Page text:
The Magical Mystery Tour

by Michael W. Stowell

January 20, 2003


The bus ride from Arcata to the demonstration in San Francisco began on Friday, the 17th, as a community event. Our two Veterans For Peace buses were loaded with folks who carried a variety of perspectives and a limited amount of baggage. Cheered by people on streets as we departed, I felt a sobering sense of responsibility; the hearts of many went with us. There was a high school senior who was attending his first demonstration with the intent of finding a more effective course of action. There was a middle-aged mother searching for ideas to assist our local Green Party with outreach and mobilization. There were tree-sitters who left their charge to others and went searching for a greater voice, carrying with them a most appropriate sign, "There's A Terrorist Behind Every Bush." Many of us were heading into an unknown, a BIG city, with little idea of how we would be changed, gambling with our own emotions.

Evolution is like that.

That evening's full moon and clear sky transformed our journey. We traveled through 'dreamworld' in our galactic buses with a quiet sense of awe and profound humility. We knew we were changing the course of history with every turn of the great wheels on which we rode and I felt our hearts rejoice with the hope given only to pioneers. We would speak out when others fell silent, we would march while others sat still, we would change though others would not, and we would do so with the help of each other.

Upon our evening arrival at Berkeley's Unitarian church, we were welcomed with respite and refreshment and a sanctuary for silence and sleep.

Demonstration morning dawned early.

I arrived at the Embarcadero overwhelmed by the number of people who had joined in the great march for peace and justice. How many? I had no idea. As far as I could see, in every direction to which I turned, a great sea of humanity flooded the streets of civilization, holding signs, waiving banners, playing music, dancing and chanting and moving as one.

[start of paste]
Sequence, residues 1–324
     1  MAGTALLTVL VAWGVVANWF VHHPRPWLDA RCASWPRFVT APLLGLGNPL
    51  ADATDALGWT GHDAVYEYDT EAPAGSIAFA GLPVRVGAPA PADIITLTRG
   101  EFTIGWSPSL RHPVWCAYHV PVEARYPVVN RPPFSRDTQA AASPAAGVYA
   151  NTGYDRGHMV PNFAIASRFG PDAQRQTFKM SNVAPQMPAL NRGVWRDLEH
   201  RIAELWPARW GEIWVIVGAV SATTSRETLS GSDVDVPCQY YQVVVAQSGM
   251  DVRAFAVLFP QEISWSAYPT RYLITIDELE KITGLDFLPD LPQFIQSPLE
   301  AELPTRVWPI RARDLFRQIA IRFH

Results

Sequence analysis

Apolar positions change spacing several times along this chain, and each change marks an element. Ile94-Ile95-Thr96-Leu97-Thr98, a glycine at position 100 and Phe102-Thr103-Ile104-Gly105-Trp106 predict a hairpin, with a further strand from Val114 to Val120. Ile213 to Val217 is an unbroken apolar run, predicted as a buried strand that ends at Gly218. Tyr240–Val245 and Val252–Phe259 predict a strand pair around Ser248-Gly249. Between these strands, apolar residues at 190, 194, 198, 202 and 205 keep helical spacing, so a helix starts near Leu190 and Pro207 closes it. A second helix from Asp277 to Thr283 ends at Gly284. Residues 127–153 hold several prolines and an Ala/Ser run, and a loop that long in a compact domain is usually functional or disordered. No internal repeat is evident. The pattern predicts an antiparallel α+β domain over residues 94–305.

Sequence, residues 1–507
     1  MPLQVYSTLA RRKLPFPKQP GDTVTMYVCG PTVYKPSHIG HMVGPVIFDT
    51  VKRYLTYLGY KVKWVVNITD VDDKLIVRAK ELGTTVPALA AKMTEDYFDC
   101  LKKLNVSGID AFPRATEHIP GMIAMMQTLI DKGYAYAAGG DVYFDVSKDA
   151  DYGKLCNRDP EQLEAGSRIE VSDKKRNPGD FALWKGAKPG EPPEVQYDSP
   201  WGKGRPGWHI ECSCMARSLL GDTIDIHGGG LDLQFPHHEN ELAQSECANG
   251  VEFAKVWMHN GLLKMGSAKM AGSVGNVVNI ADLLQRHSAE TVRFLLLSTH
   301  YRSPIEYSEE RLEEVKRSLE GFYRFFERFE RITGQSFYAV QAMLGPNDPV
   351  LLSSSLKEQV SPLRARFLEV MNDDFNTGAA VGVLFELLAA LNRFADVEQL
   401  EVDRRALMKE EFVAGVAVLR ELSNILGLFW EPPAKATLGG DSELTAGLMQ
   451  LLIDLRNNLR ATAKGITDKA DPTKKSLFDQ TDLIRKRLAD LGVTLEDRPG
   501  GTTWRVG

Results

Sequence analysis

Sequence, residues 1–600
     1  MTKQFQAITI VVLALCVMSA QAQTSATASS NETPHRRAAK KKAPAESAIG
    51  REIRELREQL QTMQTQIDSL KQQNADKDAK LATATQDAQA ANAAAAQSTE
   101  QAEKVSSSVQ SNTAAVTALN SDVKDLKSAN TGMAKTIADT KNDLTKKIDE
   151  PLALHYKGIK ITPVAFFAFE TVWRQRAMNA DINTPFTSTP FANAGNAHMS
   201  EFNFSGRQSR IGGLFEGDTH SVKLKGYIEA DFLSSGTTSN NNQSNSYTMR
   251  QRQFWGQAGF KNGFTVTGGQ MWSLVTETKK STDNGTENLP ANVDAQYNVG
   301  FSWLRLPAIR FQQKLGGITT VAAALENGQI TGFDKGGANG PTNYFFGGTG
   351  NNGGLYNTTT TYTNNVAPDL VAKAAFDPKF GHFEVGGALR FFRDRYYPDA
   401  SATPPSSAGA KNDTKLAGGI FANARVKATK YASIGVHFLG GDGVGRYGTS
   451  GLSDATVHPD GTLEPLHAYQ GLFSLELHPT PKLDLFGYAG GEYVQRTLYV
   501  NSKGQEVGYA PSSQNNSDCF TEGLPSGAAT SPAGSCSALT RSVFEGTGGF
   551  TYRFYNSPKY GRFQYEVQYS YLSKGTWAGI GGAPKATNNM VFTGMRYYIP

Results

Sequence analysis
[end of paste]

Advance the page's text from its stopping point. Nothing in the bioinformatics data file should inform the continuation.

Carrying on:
I was immediately stricken by the diversity I witnessed in this great cloud of people. There were GeeDubya masks in business suits and fiddlers and jugglers and dancers and clowns of every stripe and color, people in every imaginable costume. But mostly, we were common every-day people dressed as usual doing an unusual thing. We were speaking out, we were demonstrating our opposition to the powers of hatred and fear. We were mothers and fathers pushing strollers and carrying signs. We were elderly people with banners. We were teens and union members and veterans and school children and teachers and lawyers and doctors. We were of every race and creed and color and we were all voicing our opposition to the terrible injustices of this world, to the war on life. We were one.

I arrived at the Civic Center a changed person. At some point during that march my evolution took place. I am no longer a person living in fear. I am not alone, anymore.

Last night, as I reflected upon my journey, I was reminded of the words of a great prophet and poet, Bob Dylan:

"Come gather 'round people
Wherever you roam
And admit that the waters
Around you have grown
And accept it that soon
You'll be drenched to the bone.
If your time to you
Is worth savin'
Then you better start swimmin'
Or you'll sink like a stone
For the times they are a-changin'.

"Come writers and critics
Who prophesize with your pen
And keep your eyes wide
The chance won't come again
And don't speak too soon
For the wheel's still in spin
And there's no tellin' who
That it's namin'.
For the loser now
Will be later to win
For the times they are a-changin'.

"Come senators, congressmen
Please heed the call
Don't stand in the doorway
Don't block up the hall
For he that gets hurt
Will be he who has stalled
There's a battle outside
And it is ragin'.
It'll soon shake your windows
And rattle your walls
For the times they are a-changin'.

"Come mothers and fathers
Throughout the land
And don't criticize
What you can't understand
Your sons and your daughters
Are beyond your command
Your old road is
Rapidly agin'.
Please get out of the new one
If you can't lend your hand
For the times they are a-changin'.

"The line it is drawn
The curse it is cast
The slow one now
Will later be fast
As the present now
Will later be past
The order is
Rapidly fadin'.
And the first one now
Will later be last
For the times they are a-changin'."

In my evolution I find my journey without end, without arrival, and in myself I find all others. Time is just a speedometer on this magical, mystery bus...this magical, mystery bus we call life.

Take the tour.


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Veterans for Peace

Unitarian Universalist Church of Berkeley


Michael W. Stowell is a local activist in Northern California.

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Published January 20, 2003
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